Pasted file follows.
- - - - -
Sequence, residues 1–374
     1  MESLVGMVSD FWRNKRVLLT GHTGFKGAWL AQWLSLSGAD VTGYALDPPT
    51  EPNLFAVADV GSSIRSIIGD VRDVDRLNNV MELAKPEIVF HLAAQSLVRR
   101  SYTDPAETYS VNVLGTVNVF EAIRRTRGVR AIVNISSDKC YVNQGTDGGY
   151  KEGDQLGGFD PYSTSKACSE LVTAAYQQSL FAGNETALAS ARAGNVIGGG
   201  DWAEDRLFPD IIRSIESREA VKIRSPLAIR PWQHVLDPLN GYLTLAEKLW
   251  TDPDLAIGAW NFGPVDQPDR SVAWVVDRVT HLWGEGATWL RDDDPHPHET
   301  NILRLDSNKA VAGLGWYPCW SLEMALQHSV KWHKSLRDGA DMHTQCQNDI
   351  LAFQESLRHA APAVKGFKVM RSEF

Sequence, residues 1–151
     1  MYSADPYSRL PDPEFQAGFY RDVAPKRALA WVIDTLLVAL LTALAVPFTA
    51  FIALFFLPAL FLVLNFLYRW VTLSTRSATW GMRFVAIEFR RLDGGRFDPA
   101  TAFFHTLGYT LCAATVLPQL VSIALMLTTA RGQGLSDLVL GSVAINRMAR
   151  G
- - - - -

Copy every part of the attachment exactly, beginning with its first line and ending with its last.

Sequence, residues 1–374
     1  MESLVGMVSD FWRNKRVLLT GHTGFKGAWL AQWLSLSGAD VTGYALDPPT
    51  EPNLFAVADV GSSIRSIIGD VRDVDRLNNV MELAKPEIVF HLAAQSLVRR
   101  SYTDPAETYS VNVLGTVNVF EAIRRTRGVR AIVNISSDKC YVNQGTDGGY
   151  KEGDQLGGFD PYSTSKACSE LVTAAYQQSL FAGNETALAS ARAGNVIGGG
   201  DWAEDRLFPD IIRSIESREA VKIRSPLAIR PWQHVLDPLN GYLTLAEKLW
   251  TDPDLAIGAW NFGPVDQPDR SVAWVVDRVT HLWGEGATWL RDDDPHPHET
   301  NILRLDSNKA VAGLGWYPCW SLEMALQHSV KWHKSLRDGA DMHTQCQNDI
   351  LAFQESLRHA APAVKGFKVM RSEF

Sequence, residues 1–151
     1  MYSADPYSRL PDPEFQAGFY RDVAPKRALA WVIDTLLVAL LTALAVPFTA
    51  FIALFFLPAL FLVLNFLYRW VTLSTRSATW GMRFVAIEFR RLDGGRFDPA
   101  TAFFHTLGYT LCAATVLPQL VSIALMLTTA RGQGLSDLVL GSVAINRMAR
   151  G